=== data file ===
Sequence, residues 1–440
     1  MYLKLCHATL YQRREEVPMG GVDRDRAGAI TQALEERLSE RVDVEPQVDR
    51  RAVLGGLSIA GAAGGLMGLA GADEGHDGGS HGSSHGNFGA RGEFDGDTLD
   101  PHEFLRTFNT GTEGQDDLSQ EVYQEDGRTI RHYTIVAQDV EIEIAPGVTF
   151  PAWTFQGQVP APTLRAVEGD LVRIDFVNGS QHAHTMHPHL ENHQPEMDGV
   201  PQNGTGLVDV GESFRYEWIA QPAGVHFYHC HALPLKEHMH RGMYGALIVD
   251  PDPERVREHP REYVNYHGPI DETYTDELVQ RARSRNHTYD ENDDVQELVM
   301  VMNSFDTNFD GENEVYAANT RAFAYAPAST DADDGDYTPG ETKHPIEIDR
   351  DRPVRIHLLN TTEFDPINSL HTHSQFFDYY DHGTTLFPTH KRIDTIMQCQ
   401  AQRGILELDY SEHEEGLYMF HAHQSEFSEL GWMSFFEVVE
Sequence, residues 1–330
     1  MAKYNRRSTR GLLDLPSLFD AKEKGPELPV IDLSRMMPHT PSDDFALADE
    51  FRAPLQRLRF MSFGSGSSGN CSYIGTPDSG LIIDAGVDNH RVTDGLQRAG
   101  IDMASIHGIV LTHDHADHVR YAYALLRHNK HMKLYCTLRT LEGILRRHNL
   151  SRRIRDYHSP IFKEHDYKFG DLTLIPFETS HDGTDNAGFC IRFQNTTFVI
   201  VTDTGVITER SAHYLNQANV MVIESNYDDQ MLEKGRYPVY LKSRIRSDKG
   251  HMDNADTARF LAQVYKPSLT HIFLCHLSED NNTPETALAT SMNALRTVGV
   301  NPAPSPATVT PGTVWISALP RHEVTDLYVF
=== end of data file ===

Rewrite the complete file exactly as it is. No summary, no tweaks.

Sequence, residues 1–440
     1  MYLKLCHATL YQRREEVPMG GVDRDRAGAI TQALEERLSE RVDVEPQVDR
    51  RAVLGGLSIA GAAGGLMGLA GADEGHDGGS HGSSHGNFGA RGEFDGDTLD
   101  PHEFLRTFNT GTEGQDDLSQ EVYQEDGRTI RHYTIVAQDV EIEIAPGVTF
   151  PAWTFQGQVP APTLRAVEGD LVRIDFVNGS QHAHTMHPHL ENHQPEMDGV
   201  PQNGTGLVDV GESFRYEWIA QPAGVHFYHC HALPLKEHMH RGMYGALIVD
   251  PDPERVREHP REYVNYHGPI DETYTDELVQ RARSRNHTYD ENDDVQELVM
   301  VMNSFDTNFD GENEVYAANT RAFAYAPAST DADDGDYTPG ETKHPIEIDR
   351  DRPVRIHLLN TTEFDPINSL HTHSQFFDYY DHGTTLFPTH KRIDTIMQCQ
   401  AQRGILELDY SEHEEGLYMF HAHQSEFSEL GWMSFFEVVE
Sequence, residues 1–330
     1  MAKYNRRSTR GLLDLPSLFD AKEKGPELPV IDLSRMMPHT PSDDFALADE
    51  FRAPLQRLRF MSFGSGSSGN CSYIGTPDSG LIIDAGVDNH RVTDGLQRAG
   101  IDMASIHGIV LTHDHADHVR YAYALLRHNK HMKLYCTLRT LEGILRRHNL
   151  SRRIRDYHSP IFKEHDYKFG DLTLIPFETS HDGTDNAGFC IRFQNTTFVI
   201  VTDTGVITER SAHYLNQANV MVIESNYDDQ MLEKGRYPVY LKSRIRSDKG
   251  HMDNADTARF LAQVYKPSLT HIFLCHLSED NNTPETALAT SMNALRTVGV
   301  NPAPSPATVT PGTVWISALP RHEVTDLYVF